MIT and Columbia University students and researchers have begun operation of a novel experiment that confines high-temperature ionized gas, called plasma, using the strong magnetic fields from a half-ton superconducting ring inside a huge vessel reminiscent of a spaceship. The experiment, the first of its kind, will test whether natures way of confining high-temperature gas might lead to a new source of energy for the world.
First results from the Levitated Dipole Experiment (LDX) were presented at a meeting of the American Physical Society the week of Nov. 15. Scientists and students described more than 100 plasma discharges created within the new device, each lasting from five to 10 seconds. X-ray spectroscopy and visible photography recorded spectacular images of the hot, confined plasma and of the dynamics of matter confined by strong magnetic force fields.
A dedication for LDX, the United States newest approach to nuclear fusion, was held in late October. Fusion energy is advantageous because its hydrogen fuel is practically limitless and the resulting energy would be clean and would not contribute to global warming as does the burning of fossil fuels.
Elizabeth Thomson | MIT News Office
'Stealth' material hides hot objects from infrared eyes
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Scientists print sensors on gummi candy: creating microelectrode arrays on soft materials
21.06.2018 | Technische Universität München
Russian researchers together with their French colleagues discovered that a genuine feature of superconductors -- quantum Abrikosov vortices of supercurrent -- can also exist in an ordinary nonsuperconducting metal put into contact with a superconductor. The observation of these vortices provides direct evidence of induced quantum coherence. The pioneering experimental observation was supported by a first-ever numerical model that describes the induced vortices in finer detail.
These fundamental results, published in the journal Nature Communications, enable a better understanding and description of the processes occurring at the...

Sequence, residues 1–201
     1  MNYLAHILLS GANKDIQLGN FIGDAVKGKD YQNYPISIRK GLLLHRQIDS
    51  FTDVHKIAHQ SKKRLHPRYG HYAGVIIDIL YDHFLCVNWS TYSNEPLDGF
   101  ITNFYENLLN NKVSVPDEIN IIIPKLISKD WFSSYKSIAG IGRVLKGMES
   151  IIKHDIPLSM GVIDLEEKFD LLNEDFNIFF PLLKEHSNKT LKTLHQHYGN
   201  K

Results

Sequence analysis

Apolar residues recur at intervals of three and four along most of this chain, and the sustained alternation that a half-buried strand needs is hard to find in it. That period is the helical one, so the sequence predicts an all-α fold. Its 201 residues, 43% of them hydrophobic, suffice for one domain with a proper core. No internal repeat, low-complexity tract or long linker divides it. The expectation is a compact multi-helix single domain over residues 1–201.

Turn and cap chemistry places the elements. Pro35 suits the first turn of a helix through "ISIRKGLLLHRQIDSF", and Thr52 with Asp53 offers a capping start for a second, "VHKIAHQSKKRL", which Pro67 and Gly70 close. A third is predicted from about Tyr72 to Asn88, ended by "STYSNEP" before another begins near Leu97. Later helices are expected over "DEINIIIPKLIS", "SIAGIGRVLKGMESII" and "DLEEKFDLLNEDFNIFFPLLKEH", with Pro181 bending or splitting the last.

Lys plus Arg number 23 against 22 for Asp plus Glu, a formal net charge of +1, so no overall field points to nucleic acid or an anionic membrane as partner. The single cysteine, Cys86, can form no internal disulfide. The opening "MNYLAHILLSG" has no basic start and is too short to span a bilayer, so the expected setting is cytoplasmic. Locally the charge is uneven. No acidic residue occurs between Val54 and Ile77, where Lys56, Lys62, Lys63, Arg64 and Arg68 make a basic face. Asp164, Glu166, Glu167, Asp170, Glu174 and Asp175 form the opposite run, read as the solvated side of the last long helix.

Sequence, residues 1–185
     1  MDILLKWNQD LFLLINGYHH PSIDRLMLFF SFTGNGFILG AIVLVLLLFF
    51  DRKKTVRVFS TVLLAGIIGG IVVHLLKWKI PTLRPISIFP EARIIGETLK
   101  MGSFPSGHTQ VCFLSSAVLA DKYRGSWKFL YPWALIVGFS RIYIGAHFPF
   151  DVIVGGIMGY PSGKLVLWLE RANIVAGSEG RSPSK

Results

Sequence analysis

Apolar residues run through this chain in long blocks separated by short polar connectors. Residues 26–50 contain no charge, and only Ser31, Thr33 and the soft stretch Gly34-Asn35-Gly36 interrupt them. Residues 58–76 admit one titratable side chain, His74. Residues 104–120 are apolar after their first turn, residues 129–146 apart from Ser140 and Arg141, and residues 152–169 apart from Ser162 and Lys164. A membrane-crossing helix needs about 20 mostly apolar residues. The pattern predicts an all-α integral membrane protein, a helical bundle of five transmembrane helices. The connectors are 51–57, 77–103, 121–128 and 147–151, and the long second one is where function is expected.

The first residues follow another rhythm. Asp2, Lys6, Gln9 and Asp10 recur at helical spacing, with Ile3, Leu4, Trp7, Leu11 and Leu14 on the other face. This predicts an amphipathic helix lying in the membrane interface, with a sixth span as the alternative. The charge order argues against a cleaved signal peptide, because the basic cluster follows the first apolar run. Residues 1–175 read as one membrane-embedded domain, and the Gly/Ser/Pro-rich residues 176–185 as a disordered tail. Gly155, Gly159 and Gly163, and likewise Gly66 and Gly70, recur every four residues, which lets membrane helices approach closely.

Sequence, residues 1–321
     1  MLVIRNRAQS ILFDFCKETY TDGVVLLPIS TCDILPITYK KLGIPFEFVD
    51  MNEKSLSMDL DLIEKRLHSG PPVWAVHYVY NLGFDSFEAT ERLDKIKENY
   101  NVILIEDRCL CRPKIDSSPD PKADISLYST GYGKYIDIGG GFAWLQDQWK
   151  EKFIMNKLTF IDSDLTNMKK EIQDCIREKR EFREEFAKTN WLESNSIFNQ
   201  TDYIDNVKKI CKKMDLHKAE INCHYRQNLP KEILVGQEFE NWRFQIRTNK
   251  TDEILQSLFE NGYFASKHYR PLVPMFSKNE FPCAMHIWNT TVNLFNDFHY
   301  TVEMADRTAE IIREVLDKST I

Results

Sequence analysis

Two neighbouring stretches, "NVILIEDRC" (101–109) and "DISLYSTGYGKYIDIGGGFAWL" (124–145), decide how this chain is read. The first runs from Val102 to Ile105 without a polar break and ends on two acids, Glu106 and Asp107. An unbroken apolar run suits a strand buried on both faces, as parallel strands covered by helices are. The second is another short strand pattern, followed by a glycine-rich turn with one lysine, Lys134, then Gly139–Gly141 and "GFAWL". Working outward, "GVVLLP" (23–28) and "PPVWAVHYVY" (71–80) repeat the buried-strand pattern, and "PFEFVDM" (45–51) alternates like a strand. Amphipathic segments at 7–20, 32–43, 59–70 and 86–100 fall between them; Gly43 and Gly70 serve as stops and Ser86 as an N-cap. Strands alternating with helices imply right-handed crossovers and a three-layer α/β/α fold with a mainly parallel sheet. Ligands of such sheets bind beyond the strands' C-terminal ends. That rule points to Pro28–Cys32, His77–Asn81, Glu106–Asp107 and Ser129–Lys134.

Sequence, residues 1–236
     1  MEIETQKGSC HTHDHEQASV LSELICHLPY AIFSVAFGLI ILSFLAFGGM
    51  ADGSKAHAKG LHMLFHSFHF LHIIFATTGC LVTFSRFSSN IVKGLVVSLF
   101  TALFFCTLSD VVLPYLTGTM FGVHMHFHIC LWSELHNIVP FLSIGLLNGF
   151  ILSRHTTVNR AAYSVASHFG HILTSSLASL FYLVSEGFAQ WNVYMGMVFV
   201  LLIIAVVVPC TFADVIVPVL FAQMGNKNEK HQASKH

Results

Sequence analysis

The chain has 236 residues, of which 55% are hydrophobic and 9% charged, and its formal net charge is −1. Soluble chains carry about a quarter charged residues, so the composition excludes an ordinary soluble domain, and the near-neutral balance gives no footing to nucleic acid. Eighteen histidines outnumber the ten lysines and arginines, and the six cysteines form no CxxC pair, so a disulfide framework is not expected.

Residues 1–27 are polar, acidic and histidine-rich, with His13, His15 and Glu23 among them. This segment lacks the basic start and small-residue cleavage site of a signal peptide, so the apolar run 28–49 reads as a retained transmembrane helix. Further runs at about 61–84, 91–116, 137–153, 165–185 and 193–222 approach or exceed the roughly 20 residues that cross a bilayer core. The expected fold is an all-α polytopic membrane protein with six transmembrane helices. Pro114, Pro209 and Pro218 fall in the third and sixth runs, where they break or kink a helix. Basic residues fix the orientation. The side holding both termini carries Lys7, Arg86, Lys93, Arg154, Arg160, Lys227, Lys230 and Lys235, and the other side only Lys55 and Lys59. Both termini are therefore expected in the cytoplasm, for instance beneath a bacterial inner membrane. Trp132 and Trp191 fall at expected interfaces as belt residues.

In a recent publication in the renowned journal Optica, scientists of Leibniz-Institute of Photonic Technology (Leibniz IPHT) in Jena showed that they can accurately control the optical properties of liquid-core fiber lasers and therefore their spectral band width by temperature and pressure tuning.
Already last year, the researchers provided experimental proof of a new dynamic of hybrid solitons– temporally and spectrally stationary light waves resulting...
Scientists from the University of Freiburg and the University of Basel identified a master regulator for bone regeneration. Prasad Shastri, Professor of...
Moving into its fourth decade, AchemAsia is setting out for new horizons: The International Expo and Innovation Forum for Sustainable Chemical Production will take place from 21-23 May 2019 in Shanghai, China. With an updated event profile, the eleventh edition focusses on topics that are especially relevant for the Chinese process industry, putting a strong emphasis on sustainability and innovation.
Founded in 1989 as a spin-off of ACHEMA to cater to the needs of China’s then developing industry, AchemAsia has since grown into a platform where the latest...
The BMBF-funded OWICELLS project was successfully completed with a final presentation at the BMW plant in Munich. The presentation demonstrated a Li-Fi communication with a mobile robot, while the robot carried out usual production processes (welding, moving and testing parts) in a 5x5m² production cell. The robust, optical wireless transmission is based on spatial diversity; in other words, data is sent and received simultaneously by several LEDs and several photodiodes. The system can transmit data at more than 100 Mbit/s and five milliseconds latency.
Modern production technologies in the automobile industry must become more flexible in order to fulfil individual customer requirements.
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